MR. CHAMBERLAIN AT THE LIBERAL UNION CLUB. T HAT was a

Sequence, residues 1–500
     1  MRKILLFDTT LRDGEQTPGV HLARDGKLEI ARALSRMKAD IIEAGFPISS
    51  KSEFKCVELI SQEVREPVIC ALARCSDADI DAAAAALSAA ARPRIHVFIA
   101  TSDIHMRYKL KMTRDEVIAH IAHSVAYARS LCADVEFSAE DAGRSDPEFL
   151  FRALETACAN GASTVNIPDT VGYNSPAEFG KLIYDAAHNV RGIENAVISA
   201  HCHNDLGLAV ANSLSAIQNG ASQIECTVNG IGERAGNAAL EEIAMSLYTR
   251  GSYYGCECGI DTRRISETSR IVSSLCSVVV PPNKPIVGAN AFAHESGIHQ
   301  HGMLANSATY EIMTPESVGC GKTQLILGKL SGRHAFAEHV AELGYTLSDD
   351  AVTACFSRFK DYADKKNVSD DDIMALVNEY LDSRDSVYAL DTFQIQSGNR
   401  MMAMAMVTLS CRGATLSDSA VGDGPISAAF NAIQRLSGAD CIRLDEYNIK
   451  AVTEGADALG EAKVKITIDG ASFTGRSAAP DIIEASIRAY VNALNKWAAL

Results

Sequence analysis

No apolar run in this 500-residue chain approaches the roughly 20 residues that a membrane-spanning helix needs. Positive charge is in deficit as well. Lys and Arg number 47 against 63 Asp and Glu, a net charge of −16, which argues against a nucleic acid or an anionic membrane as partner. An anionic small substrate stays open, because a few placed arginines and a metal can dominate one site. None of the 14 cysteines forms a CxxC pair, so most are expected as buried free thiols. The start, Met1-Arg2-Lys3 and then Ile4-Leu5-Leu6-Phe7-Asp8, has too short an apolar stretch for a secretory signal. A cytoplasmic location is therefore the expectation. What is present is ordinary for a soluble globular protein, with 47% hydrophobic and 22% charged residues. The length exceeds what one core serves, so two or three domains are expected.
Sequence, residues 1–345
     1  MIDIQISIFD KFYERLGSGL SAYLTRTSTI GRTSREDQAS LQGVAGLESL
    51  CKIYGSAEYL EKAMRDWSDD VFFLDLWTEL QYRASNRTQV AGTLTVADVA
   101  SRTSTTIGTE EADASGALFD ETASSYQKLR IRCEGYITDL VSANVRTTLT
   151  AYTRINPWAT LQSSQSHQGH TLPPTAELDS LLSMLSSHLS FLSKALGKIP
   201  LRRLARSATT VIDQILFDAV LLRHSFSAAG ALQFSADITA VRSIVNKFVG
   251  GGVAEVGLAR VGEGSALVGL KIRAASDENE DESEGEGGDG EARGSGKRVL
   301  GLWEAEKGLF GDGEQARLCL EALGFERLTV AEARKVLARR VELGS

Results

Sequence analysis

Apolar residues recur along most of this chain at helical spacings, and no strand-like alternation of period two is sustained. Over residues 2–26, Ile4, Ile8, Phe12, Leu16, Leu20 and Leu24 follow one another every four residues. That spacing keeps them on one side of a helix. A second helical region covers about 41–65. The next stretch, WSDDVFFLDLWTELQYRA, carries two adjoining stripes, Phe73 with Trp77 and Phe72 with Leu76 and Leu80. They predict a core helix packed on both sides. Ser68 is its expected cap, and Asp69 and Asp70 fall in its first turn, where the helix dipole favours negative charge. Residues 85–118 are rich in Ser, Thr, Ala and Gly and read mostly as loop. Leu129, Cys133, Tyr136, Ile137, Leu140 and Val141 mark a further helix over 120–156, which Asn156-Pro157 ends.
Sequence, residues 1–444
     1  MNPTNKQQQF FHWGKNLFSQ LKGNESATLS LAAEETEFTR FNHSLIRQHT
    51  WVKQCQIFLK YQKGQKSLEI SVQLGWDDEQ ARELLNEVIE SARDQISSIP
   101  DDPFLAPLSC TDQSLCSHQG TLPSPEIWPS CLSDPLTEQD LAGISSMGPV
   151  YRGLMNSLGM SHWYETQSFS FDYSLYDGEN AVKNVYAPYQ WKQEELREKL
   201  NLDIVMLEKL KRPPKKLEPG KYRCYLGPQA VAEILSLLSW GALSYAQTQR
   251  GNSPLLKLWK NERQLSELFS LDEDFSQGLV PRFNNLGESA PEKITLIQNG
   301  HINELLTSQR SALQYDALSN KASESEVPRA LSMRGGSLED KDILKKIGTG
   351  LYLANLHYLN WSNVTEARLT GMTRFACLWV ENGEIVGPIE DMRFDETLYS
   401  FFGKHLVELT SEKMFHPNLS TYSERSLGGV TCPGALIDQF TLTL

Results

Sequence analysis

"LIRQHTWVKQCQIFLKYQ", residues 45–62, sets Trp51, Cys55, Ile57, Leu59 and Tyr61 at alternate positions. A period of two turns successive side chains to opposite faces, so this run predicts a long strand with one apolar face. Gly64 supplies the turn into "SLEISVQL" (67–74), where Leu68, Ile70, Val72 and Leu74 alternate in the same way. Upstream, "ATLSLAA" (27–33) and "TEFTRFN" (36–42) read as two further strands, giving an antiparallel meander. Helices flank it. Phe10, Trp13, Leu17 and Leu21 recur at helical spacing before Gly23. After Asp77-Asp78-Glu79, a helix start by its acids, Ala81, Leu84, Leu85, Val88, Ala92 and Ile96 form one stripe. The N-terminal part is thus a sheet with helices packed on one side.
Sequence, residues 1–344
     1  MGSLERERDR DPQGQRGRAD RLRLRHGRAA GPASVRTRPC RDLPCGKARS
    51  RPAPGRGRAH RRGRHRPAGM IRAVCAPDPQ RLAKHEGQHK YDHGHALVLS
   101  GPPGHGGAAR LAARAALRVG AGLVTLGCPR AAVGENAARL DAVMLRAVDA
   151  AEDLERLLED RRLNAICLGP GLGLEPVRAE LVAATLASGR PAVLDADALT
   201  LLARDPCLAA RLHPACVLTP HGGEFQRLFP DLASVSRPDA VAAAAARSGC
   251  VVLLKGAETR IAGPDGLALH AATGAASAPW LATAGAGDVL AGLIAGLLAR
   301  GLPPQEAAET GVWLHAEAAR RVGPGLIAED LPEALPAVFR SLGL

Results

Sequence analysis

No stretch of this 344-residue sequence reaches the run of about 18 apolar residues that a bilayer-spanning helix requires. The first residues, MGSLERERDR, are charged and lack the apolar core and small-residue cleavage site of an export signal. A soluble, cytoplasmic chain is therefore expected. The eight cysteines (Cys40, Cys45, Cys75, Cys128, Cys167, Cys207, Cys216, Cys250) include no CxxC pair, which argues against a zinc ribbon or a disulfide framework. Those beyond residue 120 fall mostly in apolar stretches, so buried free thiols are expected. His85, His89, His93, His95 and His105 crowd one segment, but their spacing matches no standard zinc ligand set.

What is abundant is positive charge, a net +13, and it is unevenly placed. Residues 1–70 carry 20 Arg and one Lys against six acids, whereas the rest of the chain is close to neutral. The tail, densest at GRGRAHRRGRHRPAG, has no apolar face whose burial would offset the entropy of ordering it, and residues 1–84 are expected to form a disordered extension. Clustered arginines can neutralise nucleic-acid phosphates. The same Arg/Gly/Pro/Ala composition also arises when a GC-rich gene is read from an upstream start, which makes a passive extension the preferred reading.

very happy quotation of Mr. Chamberlain's from Dean Swift, that you cannot reason a man out of an opinion that he had never been reasoned into. And it certainly was most apposite to the condition of the Glad- stonian Home-rulers. Their conversion was an act of will, not a judgment of reason. They were too proud of belonging to the Liberal Party, and too proud of their leader, to admit even to themselves that the Liberal Party and its leader could be on a wrong tack. An attitude which is taken up from motives of this kind is sure to be obstinately maintained. No controversialist defends his personal con- victions with anything like the vehemence with which he defends his prejudices and prepossessions. Look at the obstinacy, or rather the passion, with which the Republican Party in France stick to the idea that Clericalism is the enemy. A great many of them,—cer- tainly including M. de Freycinet,—know very well that it is an unstatesmanlike and, almost an imbecile policy to attack religious opinions as they would attack a squadron of cavalry ; but their pride and self-love are identified with that policy, and no reasoning has any effect upon them. And it is the same with the Gladstonians in relation to Irish Home- rule. They are more than half-conscious of the extreme peril of the policy; they are perfectly aware that nothing will have been done until the political appetite of the Irish people is appeased ; and they are perfectly aware that the political appetite of the Irish people will not be appeased till every guarantee for which the Gladstonians themselves have conditioned as absolutely indispensable, has been cast to the winds. But they are so conscious that they cannot recant their new creed without the utmost humiliation both to their party and their leader, that they are quite prepared to fling away one guarantee after another, till the Irish Party have gained everything for which they contend, and the United Kingdom has lost every claim, and indeed every pretence, to be a United Kingdom any longer. The conversions which are wrought by temper and by wilful- ness are the most irretrievable of all conversions. The only effect of any reasoning which makes the converts uneasy about their position, is to irritate them into more vehement assertions of self-will. Hence we fully agree with Mr. Chamberlain that there is now not much chance of con- verting the leading Gladstonians to the Unionist Party by any appeal to their reason,—by any exposure of the rapidly growing demands of the Irish Party, and the rapidly growing disposition of the Opposition to yield to the Irish Party everything which they had solemnly vowed that they would never yield. But though Mr. Chamberlain is certainly right in ex- pecting nothing from the calm judgment of the pledged Gladstonians, we hold him also to be perfectly right in believing that the English electorate is quite undecided, and that the indications which the by-elections have given of a personal bias towards Mr. Gladstone's leadership, cannot be relied upon at all to prove that when the great issue is put nakedly before the Liberals, whether we shall or shall not give up the whole of Ireland to the rule of one of the two nations which Ireland contains, a considerable number of the admirers of Mr. Gladstone will not give the common- sense verdict against so unjust and insensate a proceeding. We must remember that the actual voters are, in the great majority of cases, by no means personally identified, as are the local organisers, with the prepossessions and piques and prejudices of the party leaders. The average Glad- stonian elector would not feel his personal vanity wounded by the triumph of the Unionists, any more than the average Conservative elector would feel his personal vanity wounded by the triumph of the Home-rulers. Either the one or the other would, as a matter of course, go with his party, if he had a party, in the absence of strong reason for the contrary course of action. But there would be none of that sense of humiliation in any change of party effected for any strong and sufficient reason, which there would be in a similar change on the part of the local organisers, whose political reputation is identi- fied with the success of the policy to which they have pledged themselves. It is upon the average uncommitted voter that plain facts like the growing willingness of the Opposition leaders to concede everything which a few years ago they loudly proclaimed to be utterly dangerous and inadmissible, will tell at the General Election. Such a notable hauling down of the flag as Mr. Gladstone's and his colleagues' votes given only last week for Mr. O'Kelly's monstrous Bill for recompensing acts of fraud and punishing faithful service, will tell on the common-sense and conscience of the average Liberal voter, and incline him, whatever his prepossessions, to change the scale into which he throws his influence. Again, such a significant and unmistakable act of prudential reticence as Sir William Har- court's refusal to meet Mr. Redmond's explicit challenge to him to declare whether the Irish Legislature which the Gladstonians propose to grant, would or would not be entirely independent of any control by the Parliament of Westminster, will tell on the common-sense and conscience of the a voter, and convince him that Sir William Harcourt has in fact abandoned the resolve which he published so ostentatiously to the world a few years ago, never to listen to any proposal for relieving the Irish Legislature of the Imperial Parliament's control and revision. Many and many an elector who would not think it worth his while to make up his mind on matters of this kind at a by-election, will ultimately feel some responsibility for the fate of the Irish minority. The issue will be laid plainly before him, and he will be asked to give a vote which would tend to the delivery of that minority, bound hand and foot, into the hands of an aggressive and unscrupulous majority. You cannot, as Dean Swift says, reason a man out of an opinion who was never reasoned into it. But you may reason a man who has never made up his mind in any final way,—and that is the case of a great number of the electorate,—into (perhaps reluctantly) withdrawing his help from a cause which he sees to be full of peril to his country, and full of worse than peril, certain injustice, to that class of Irishmen with whom his own sympathies naturally go. The average English elector always puts off making up his mind to desert his party, to the last possible opportunity. And no by-election can ever be regarded as the last possible opportunity at which such a resolve, if it is to be effectual, must be finally taken. But with the General Election that opportunity certainly arrives, and true as it is that reasoning cannot shake an opinion which reasoning has not formed, it is equally true that to those who are open to reason the spectacle of a party thus im- pervious to reason, and even calmly ignoring its own most ostentatious assurances and conditions, in its determina- tion to secure at any cost the alliance necessary to its success at the polls, is a very impressive and very revolting one. Our own belief is profound that the more the action of the leaders of Opposition on Mr. O'Kelly's Evicted Tenants Bill is pressed upon the country, and the more the significant silence of Sir William Harcourt, and subsequently Mr. Gladstone, in face of Mr. Redmond's public challenge, is pressed upon the country, the more numerous will become the number of Liberal electors who will make up their minds that at any cost they cannot and must not hand over Ireland to the government of such a party as that. The local organisers will not desert their party. The eager partisans will not desert their party. But in every constituency there will be a few hundreds of open-minded men who will have their faith shaken in the Liberal leaders by this perverse breaking of all the pledges under which the concession of an Irish Legislature was to be secured from the dangers to which that policy was confessedly exposed. There are always a few hundred reasonable beings amongst several thousand electors, and enthusiastic as the faith in Mr. Gladstone has been, these few hundreds will admit to themselves with pain and regret, that his public declarations as to what was safe and what was not safe in 1886, are much more likely to have proceeded from true statesmanship, than his eagerness in 1892 to satisfy all the cravings of Mr. Dillon and Mr. O'Brien and Mr. Healy and Mr. Redmond, and the rest of that band of agitators who care no more for the fair treatment of loyal Catholics and of Protestant Ulster, or for the constitutional strength of the United Kingdom as a whole, than they care for the fair treatment of the foreigners in China, or the constitutional strength of the composite Austrian Empire.